In this painting, as in most of the Madonnas of his Florentine period, Raphael arranged the three figures - Mary, Christ and the young John the Baptist - to fit into a geometrical design. Though the positions of the three bodies are natural, together they form an almost regular triangle. The Madonna is shown young and beautiful, as with Raphael?s various other Madonnas. She is also clothed in red and blue, also typical, for red signifies the passion of Christ and blue was used to signify the church. Christ and John are still very young, only babies. John holds a goldfinch in his hand, and Christ is reaching out to touch it. The background is one typical of Raphael. The natural setting is diverse and yet all calmly frames the central subject taking place.

The Madonna was a wedding gift from Raphael to his friend Lorenzo Nasi. On November 17, 1548 Nasi's house was destroyed by an earthquake and the painting broke into seventeen pieces. It was immediately taken to be salvaged, and was hastily put back together, though the seams were quite visible. In 2002, George Bonsanti of the Precious Stones organization gave to task of restoration to Patrizia Riitano. During the six year process that followed, her team worked to remove the years of grime that had degraded the paintings color, and to fix the damage done by the earthquake long ago. Before beginning the project, they studied the work as closely as possible, utilizing resources such as X-rays, CAT scans, reflective infra-red photography, and even lasers. Riitano closely studied the past quick fix layers that had been applied and removed them until the original by Raphael finally shone through. The restoration was completed in 2008, and the painting was put on display in Uffizi.

In Madonna Del Cardellino, the goldfinch represents Christ?s crucifixion. The reason for its association comes from the legend that its red spot was born at the time of the crucifixtion. It flew down over the head of Christ and was taking a thorn from His crown, when it was splashed with the drop of His blood. The book in Mary?s hand reads Sedes Sapientiae or ?The Throne of Wisdom.? This term usually is applied to images in which Mary is seated upon a throne, with Jesus on her lap, but in this case, the inscription implies the rock which Mary sits on as her natural throne.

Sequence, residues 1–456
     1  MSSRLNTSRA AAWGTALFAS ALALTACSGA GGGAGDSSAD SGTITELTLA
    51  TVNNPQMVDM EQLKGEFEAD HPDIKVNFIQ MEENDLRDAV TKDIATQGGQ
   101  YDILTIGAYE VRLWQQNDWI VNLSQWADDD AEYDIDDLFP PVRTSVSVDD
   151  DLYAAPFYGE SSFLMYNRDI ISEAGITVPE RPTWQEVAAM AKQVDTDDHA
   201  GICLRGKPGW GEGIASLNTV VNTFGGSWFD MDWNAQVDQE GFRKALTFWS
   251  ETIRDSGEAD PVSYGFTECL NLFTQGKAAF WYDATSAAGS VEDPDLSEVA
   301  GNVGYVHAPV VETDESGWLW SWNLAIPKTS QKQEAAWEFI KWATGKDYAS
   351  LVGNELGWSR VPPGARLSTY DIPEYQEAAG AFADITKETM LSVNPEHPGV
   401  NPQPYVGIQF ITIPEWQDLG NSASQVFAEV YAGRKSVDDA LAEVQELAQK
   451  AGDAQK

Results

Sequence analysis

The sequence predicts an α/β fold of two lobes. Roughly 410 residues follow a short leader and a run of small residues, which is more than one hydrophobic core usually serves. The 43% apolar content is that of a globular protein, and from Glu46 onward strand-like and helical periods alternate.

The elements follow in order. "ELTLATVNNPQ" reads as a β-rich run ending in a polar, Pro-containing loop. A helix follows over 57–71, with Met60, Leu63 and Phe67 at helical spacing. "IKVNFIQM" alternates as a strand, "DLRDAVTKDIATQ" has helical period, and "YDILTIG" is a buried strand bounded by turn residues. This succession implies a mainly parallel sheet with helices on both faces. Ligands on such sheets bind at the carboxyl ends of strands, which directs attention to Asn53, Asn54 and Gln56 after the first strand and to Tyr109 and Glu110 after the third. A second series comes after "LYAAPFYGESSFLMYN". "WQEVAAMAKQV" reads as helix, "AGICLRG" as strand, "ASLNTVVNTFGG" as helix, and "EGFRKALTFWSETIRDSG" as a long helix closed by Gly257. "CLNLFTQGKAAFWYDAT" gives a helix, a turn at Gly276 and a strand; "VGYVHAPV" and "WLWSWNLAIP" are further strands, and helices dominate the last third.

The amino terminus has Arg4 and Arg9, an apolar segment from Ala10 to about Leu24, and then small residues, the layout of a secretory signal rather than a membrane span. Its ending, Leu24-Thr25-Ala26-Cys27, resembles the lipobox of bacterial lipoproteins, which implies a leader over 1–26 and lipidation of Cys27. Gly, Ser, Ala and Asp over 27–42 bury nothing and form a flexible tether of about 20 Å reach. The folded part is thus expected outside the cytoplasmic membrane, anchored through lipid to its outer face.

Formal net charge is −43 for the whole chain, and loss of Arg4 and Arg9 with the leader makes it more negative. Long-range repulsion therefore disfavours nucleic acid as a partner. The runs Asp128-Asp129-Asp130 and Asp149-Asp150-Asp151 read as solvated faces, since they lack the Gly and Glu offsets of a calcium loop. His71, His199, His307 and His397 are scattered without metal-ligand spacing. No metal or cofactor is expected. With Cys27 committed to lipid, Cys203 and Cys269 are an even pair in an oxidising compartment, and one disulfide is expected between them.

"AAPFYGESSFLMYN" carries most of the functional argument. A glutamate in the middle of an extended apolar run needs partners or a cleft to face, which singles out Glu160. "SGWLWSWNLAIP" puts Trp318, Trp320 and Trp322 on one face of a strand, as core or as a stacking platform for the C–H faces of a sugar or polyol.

In some versions of Vasari another similar painting is described as the Vallombrosa version but it has never been identified.

Madonna del cardellino,

The Venus stares straight at the viewer, unconcerned with her nudity. In her right hand she holds a posy of roses whilst she holds her other hand over her genitals. In the near background is a dog, often a symbol of fidelity.

The painting was commissioned by Guidobaldo II della Rovere, the Duke of Urbino, possibly to celebrate his 1534 marriage. It would originally have decorated a cassone, a chest traditionally given in Italy as a wedding present. The maids in the background are shown rummaging through a similar chest, apparently in search of Venus's clothes. Curiously, given its overtly erotic content, the painting was intended as an instructive "model" for Giulia Varano, the Duke's extremely young bride.

The model for the painting has been identified as Angela del Moro, a highly paid courtesan in Venice and a known dining companion of Titian.

The argument for the painting's didacticism was made by the late art historian Rona Goffen in 1997's ?Sex, Space, and Social History in Titian?s Venus of Urbino". Titian contrasts the straight lines of the architecture with the curves of the female form, and the screen behind Venus bisects the painting, a large-scale division that is mitigated by unifying elements such as the use of colour and the floral patterns of the couch, cassoni, and background tapestries.

In his 1880 travelogue A Tramp Abroad, Mark Twain called the Venus of Urbino "the foulest, the vilest, the obscenest picture the world possesses". He proposed that "it was painted for a bagnio, and it was probably refused because it was a trifle too strong", adding humorously that "in truth, it is a trifle too strong for any place but a public art gallery"

Venus of Urbino, Titian